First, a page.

Proceeding: Application to adduce certain expert evidence.
Facts: The accused and the deceased were both male. They lived together, but it was not a sexual relationship. The accused was the deceased's assistant and helped with the deceased's drug dealing activities. The accused admitted killing the deceased by shooting the deceased to the head while the deceased was sleeping. The main issue at trial was to be whether he acted in self-defence. The accused sought to call evidence of a psychologist regarding his state of mind. The psychologist was to give evidence, ‘that the accused was in a compromised mental state at the time as a result of being in an abusive relationship with the deceased. The accused is said to have felt powerless in relation to (the deceased), and to have thought that the only way out of the relationship was to kill (the deceased)’ (see at ). The State objected to the admission of this evidence on the basis that it was not a recognised psychological condition and that it was not analogous to cases falling within the ‘battered woman syndrome’ (BWS). The state further submitted that the matters to be the subject of the evidence from the psychologist were not outside the ordinary experience of jurors.
The accused described himself as a ‘lackey’, the deceased as ‘possessive’ and that the deceased would threaten violence and control his ‘movements, communications and finances’. The psychologist’s evidence was that the relationship was consistent with the learned helplessness associated with BWS. The psychologist also stated that the syndrome was not confined to females or sexual relationships, and that this relationship was of a sufficient duration to be consistent with the syndrome.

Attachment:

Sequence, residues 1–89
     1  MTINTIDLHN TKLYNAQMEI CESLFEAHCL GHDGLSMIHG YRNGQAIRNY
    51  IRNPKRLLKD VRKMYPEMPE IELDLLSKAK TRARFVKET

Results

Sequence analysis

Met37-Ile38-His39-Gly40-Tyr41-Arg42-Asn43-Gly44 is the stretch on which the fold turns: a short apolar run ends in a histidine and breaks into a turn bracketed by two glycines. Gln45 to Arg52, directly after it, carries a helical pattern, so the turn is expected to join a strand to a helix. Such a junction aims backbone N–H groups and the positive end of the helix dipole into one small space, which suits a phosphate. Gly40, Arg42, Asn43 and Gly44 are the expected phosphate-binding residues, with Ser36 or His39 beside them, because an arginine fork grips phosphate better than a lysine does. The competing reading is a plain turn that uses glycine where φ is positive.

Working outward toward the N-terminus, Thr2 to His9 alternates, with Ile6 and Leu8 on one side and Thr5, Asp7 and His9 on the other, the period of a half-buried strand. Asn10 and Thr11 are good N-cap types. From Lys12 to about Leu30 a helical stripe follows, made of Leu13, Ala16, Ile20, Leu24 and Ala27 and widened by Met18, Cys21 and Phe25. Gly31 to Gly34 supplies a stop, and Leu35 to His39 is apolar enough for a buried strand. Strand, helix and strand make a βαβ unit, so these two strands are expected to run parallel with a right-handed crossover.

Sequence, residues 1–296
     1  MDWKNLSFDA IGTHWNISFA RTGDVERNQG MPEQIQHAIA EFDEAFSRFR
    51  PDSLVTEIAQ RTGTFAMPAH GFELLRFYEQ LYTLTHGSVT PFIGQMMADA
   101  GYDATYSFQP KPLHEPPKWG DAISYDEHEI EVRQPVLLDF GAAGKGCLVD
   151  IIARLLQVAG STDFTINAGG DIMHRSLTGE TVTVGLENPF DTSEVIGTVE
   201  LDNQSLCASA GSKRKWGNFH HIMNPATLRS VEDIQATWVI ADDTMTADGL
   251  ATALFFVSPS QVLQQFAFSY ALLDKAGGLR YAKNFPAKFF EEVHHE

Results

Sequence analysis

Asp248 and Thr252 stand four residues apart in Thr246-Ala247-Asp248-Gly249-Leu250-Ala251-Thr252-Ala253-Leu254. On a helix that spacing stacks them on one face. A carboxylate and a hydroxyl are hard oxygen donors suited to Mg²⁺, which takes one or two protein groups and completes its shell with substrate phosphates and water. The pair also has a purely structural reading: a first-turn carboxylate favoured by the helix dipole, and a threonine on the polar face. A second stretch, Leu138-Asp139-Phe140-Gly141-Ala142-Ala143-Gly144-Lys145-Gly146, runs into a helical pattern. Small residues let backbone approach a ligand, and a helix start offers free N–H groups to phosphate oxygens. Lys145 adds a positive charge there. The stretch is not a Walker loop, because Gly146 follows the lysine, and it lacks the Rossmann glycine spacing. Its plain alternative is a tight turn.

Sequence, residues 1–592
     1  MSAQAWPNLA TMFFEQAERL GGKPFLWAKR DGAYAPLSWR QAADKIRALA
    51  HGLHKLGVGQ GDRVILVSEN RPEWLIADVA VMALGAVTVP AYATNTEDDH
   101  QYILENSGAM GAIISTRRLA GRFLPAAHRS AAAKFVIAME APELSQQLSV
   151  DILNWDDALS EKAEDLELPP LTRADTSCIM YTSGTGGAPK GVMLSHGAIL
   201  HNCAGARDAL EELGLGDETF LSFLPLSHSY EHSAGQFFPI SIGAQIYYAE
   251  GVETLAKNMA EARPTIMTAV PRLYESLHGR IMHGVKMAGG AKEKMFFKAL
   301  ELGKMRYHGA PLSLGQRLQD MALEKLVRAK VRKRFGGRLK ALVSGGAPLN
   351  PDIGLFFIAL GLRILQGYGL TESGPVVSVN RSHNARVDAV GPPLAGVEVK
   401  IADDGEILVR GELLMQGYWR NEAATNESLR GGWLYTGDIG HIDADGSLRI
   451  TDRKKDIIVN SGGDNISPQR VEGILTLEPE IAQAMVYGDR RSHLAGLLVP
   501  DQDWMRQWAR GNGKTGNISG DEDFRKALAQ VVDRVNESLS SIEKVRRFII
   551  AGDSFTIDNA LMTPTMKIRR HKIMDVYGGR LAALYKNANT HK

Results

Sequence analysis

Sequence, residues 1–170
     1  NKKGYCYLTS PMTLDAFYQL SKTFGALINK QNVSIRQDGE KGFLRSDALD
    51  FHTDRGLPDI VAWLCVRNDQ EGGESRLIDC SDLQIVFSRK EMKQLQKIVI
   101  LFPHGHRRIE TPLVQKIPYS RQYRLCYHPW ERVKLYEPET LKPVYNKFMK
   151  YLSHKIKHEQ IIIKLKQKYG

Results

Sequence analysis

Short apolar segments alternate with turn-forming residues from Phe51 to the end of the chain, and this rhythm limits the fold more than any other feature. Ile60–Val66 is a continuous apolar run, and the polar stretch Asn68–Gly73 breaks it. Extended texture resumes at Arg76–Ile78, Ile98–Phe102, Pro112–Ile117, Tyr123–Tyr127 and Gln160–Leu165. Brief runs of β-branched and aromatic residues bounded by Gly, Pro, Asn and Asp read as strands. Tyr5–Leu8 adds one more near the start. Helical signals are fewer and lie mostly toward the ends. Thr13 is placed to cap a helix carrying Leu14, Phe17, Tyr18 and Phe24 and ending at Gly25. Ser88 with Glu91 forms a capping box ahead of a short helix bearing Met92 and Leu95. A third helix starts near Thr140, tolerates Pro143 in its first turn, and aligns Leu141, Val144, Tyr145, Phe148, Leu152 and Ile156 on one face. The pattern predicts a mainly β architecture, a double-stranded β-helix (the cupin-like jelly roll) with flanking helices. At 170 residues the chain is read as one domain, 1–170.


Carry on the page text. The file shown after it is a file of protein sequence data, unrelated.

Issue/s: Whether the evidence of the psychologist should be admitted.
Decision and Reasoning: The application was refused. This did not preclude a claim to self-defence, but was relevant to the issue of whether the accused believed his actions were necessary. Hall J held that the psychologist’s evidence was opinion evidence and admissible only if it met the requirements of expert evidence (see at ). His Honour noted that BWS is widely accepted as an area of specialised knowledge, but that it is important to pay close attention to what is actually recognised as BWS. He referred to Osland v The Queen (1998) 197 CLR 316 where Kirby J stated that the syndrome should extend beyond females as victims. Hall J held that this relationship differed from a typical ‘battering’ relationship – it was not a long term marriage relationship and was not characterised by ‘recognisable cycles of tension, violence and reconciliation’ (see at ). While there were similarities in the ‘assertion of increasing control, emotional volatility and increasing feelings of helplessness’ (see at ), his Honour held that the differences between these circumstances and other BWS cases required that, ‘the application of the syndrome to a situation like this is accepted by the majority of experts in the field of psychology’ (see at ). There was no evidence of majority acceptance of experts. As such, the evidence was inadmissible. Evidence of the violent and controlling behaviour of the deceased could still be considered by the jury in order to assess whether the accused’s actions were necessary to prevent the deceased from harming him (see at ).